US stocks close short week on a high after jobs report
The S&P 500 continued its run up yesterday following an expectation-beating US jobs report, which showed 4.8 million nonfarm payrolls were added in June. The unemployment rate also fell to 11.1%, with both figures beating economists’ consensus expectation. Forecasts had been for 3.7 million new nonfarm payrolls and an unemployment rate of 12.5%. During the shortened four day trading week (the US is closed today for Independence Day), the S&P 500 has gained 4% and is now within 3% of where it started the year.
Asian shares continued the momentum overnight, hitting four month highs as optimism from the US jobs report spilled over, Chinese PMI data showing that consumer demand is beginning to return post lockdown is also encouraging.
American Airlines also made headlines yesterday, after announcing that it is currently overstaffed by 20,000 employees for its fall schedule. All of the major US airlines are looking at staff cuts in the face of reduced travel demand, but under the terms of a federal aid package are not able to lay off staff or reduce pay until the end of September. American Airlines said that during June, it reduced the amount of cash it has been burning through from $100m a day in April to sub-$35m a day in June. The firm’s stock sank 2.4% yesterday, and remains down more than 50% year-to-date, even after a 24.3% gain over the past three months.
Insurance startup Lemonade doubles share price after billion dollar IPO
All three major US stock indices performed almost identically on Thursday, with gains of 0.4% to 0.5%. In the S&P 500, the materials sector was out in front with a 1.9% gain, led by construction materials stocks. Real estate management and development stocks also jumped 1.5%, although real estate investment companies fell 0.4%.
In corporate news, online home insurance company Lemonade hit headlines on Thursday after making its public market debut. The firm raised $319m through an IPO on the New York Stock Exchange, valuing the company at $1.6bn. Yesterday, the first full day of trading, the company’s share price climbed by more than 100%. Similar to many of the billion dollar plus IPOs of recent years, the company is loss-making but has been posting rapid revenue growth. There have been several multi-billion dollar IPOs in the US so far this year, despite the disruption caused by Covid-19; they include business software firm ZoomInfo, Chinese cloud computing firm Kingsoft and health-tech company One Medical.
S&P 500: 0.5% Thursday, -3.1% YTD
Dow Jones Industrial Average: 0.4% Thursday, -9.5% YTD
Nasdaq Composite: 0.5% Thursday, 13.8% YTD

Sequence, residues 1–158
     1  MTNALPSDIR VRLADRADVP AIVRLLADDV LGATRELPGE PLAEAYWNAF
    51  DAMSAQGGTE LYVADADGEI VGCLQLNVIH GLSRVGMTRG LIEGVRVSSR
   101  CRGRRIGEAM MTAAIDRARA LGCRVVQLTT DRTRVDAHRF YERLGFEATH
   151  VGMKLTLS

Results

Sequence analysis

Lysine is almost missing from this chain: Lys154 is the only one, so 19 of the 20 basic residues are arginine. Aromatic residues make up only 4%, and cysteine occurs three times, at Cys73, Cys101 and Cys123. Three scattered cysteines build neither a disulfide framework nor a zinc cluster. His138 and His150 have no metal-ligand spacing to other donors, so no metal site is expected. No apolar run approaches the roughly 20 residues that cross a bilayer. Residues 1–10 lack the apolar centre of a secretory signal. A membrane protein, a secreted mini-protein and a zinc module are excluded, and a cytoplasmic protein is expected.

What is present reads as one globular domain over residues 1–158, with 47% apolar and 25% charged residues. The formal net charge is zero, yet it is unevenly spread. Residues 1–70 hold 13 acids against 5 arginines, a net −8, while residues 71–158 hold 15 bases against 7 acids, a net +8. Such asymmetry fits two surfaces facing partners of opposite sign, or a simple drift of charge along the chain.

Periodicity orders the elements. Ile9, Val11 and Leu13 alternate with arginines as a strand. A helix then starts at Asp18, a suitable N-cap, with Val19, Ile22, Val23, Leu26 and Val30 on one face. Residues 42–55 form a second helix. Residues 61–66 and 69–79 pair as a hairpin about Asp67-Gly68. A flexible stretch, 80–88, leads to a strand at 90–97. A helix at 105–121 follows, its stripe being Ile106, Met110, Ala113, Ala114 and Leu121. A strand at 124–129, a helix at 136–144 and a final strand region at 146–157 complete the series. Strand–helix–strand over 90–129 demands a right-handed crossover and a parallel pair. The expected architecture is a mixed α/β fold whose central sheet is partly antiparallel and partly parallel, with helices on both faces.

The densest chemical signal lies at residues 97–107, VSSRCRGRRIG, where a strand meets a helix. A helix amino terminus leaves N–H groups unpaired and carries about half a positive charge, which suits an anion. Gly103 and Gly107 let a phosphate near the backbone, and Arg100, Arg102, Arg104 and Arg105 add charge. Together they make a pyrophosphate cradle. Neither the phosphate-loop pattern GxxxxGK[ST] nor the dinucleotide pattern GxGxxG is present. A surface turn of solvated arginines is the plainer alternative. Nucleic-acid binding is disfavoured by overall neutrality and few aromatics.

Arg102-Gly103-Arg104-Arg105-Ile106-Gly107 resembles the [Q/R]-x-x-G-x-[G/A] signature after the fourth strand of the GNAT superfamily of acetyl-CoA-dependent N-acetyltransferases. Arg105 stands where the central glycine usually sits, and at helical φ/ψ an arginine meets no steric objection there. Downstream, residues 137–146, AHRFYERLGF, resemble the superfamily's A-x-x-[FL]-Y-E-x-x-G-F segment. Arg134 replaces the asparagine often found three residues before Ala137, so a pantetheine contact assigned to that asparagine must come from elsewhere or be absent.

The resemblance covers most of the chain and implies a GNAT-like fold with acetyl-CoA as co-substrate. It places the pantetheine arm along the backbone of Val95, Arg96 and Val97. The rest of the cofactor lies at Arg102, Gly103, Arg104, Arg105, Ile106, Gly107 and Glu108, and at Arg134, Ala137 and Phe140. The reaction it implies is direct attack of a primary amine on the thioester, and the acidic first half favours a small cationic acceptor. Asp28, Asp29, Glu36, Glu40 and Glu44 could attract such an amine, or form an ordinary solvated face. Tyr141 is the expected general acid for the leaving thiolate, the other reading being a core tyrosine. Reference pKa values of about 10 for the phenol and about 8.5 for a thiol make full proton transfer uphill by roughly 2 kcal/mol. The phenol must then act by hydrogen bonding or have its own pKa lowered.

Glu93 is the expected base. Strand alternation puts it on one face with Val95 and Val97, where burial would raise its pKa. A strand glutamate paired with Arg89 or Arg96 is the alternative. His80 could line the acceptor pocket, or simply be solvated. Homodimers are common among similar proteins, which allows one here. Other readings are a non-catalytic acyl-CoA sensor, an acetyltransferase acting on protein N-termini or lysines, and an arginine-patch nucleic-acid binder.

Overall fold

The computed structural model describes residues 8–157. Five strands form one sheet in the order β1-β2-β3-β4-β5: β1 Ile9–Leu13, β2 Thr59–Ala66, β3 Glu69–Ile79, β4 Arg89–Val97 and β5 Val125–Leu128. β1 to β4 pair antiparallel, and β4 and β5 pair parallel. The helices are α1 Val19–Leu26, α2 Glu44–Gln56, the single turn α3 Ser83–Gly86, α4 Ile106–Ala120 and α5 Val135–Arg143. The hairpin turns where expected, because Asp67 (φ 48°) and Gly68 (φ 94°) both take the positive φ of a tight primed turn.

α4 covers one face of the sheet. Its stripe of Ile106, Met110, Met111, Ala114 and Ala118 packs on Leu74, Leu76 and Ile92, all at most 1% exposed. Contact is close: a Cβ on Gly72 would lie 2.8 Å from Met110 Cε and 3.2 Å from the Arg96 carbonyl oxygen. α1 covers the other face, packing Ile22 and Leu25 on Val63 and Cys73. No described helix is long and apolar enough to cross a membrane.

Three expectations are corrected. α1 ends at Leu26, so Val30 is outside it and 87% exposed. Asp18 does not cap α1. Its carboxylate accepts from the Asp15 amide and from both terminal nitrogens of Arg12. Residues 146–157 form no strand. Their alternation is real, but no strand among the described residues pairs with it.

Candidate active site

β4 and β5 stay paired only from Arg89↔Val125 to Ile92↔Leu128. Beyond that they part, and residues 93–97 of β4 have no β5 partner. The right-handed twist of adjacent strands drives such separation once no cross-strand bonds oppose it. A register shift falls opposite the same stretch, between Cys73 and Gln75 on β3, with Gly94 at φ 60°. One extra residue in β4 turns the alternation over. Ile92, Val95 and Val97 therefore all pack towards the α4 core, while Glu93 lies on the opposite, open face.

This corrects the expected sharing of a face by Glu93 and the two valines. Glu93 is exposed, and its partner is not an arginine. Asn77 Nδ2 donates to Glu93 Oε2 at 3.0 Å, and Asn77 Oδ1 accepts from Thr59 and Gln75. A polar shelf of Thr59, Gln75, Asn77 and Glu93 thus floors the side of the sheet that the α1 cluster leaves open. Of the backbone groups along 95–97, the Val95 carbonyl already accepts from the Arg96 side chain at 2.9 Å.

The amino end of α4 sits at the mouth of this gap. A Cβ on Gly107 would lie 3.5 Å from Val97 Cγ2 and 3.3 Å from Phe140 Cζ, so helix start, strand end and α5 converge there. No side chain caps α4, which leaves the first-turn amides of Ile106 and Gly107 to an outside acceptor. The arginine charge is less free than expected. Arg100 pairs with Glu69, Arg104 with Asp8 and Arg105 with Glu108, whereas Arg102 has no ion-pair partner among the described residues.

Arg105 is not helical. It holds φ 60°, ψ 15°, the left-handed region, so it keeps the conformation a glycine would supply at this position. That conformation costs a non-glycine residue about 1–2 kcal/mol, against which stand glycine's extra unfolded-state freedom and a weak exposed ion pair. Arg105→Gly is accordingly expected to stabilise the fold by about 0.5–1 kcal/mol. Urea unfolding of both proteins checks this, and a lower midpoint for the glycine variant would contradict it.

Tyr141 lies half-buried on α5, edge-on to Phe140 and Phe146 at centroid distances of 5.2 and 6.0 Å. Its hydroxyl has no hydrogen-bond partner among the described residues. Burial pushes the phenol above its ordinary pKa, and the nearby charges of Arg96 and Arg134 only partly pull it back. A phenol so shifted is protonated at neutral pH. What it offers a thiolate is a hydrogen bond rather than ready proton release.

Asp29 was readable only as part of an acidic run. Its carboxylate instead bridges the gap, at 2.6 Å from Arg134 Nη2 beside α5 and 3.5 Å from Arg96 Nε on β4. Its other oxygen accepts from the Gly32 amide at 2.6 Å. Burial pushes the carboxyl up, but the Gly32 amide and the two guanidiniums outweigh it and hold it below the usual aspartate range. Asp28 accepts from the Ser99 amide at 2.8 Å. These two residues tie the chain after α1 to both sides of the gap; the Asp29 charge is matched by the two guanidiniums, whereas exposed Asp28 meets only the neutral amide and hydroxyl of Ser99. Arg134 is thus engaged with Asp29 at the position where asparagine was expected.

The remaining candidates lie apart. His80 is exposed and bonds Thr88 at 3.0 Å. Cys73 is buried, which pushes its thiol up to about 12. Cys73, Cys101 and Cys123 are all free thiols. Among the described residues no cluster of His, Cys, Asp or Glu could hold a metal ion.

Banking stocks help FTSE 100 higher
London-listed shares were buoyed by positive employment figures in the US, as the UK’s biggest companies make a substantial portion of their revenues from the US.
The FTSE 100 jumped 1.3%, although it is still down 17.3% year-to-date, lagging far behind the major US indices. Banking, travel and retail stocks helped take the index higher. International Consolidated Airlines Group led the way with a 5.7% gain, followed by Royal Bank of Scotland on 4.7% and HSBC on 4.5%. RBS has been one of the hardest hit British banking stocks in 2020 so far and remains 48% down year-to-date. Rival HSBC is down 34.3%, Barclays is 34.4% down and Lloyds is 49% off. All of the banks have scrapped their dividends due to the coronavirus pandemic, so the depressed share prices are not translating into elevated income for new investors into the stocks.
The FTSE 250 climbed 1% on Thursday, led by aerospace firm Meggitt, Virgin Money UK and iron miner Ferrexpo, which all gained more than 5%.
FTSE 100: 1.3% Thursday, -17.3% YTD
FTSE 250: 1% Thursday, -20.6% YTD
What to watch
US markets are closed on Friday for a public holiday, so there are no earnings reports or economic data.
UK car sales: On Monday, June new car sales figures will be reported in the UK, following a disastrous May where car sales fell 89% versus the same month last year.
Micro Focus International: One London-listed stock to watch early next week is Micro Focus, which has lost 58% of its value year-to-date and is down 79.5% over the past 12 months. That has pushed the firm’s dividend yield past 10%, which is certain to be a focus for analysts when the company reports its latest set of earnings on Tuesday. Micro Focus is a FTSE 250 stock that offers software and consulting services to businesses. The company has been a rollercoaster ride for investors, and in the few years preceding the recent crisis has suffered multiple double-digit share price falls.
Crypto corner: Bitcoin supply to be outstripped by demand by 2028
The daily mined supply of Bitcoin will drop below the daily buyer demand by 2028, according to research from cryptocurrency derivatives exchange ZUBR.
ZUBR crunched numbers provided by blockchain analytics firm Chainalysis to forecast what demand for Bitcoin may look like over the next eight years.
According to the firm, when Bitcoin’s daily supply issuance drops to 450 BTC per day following the 2024 halving (it’s currently at 900 BTC per day), then retail investors “could potentially account for eating up over 50%” of this daily supply.
Extrapolating the number of new entrants coming into the market based on current data, ZUBR said by 2028 this trend will have exacerbated to the point where retail investors alone will take all the new daily supply. Overnight, Bitcoin held steady above $9,000, trading at $9,086 this morning.
All data, figures & charts are valid as of 03/07/2020. All trading carries risk. Only risk capital you can afford to lose.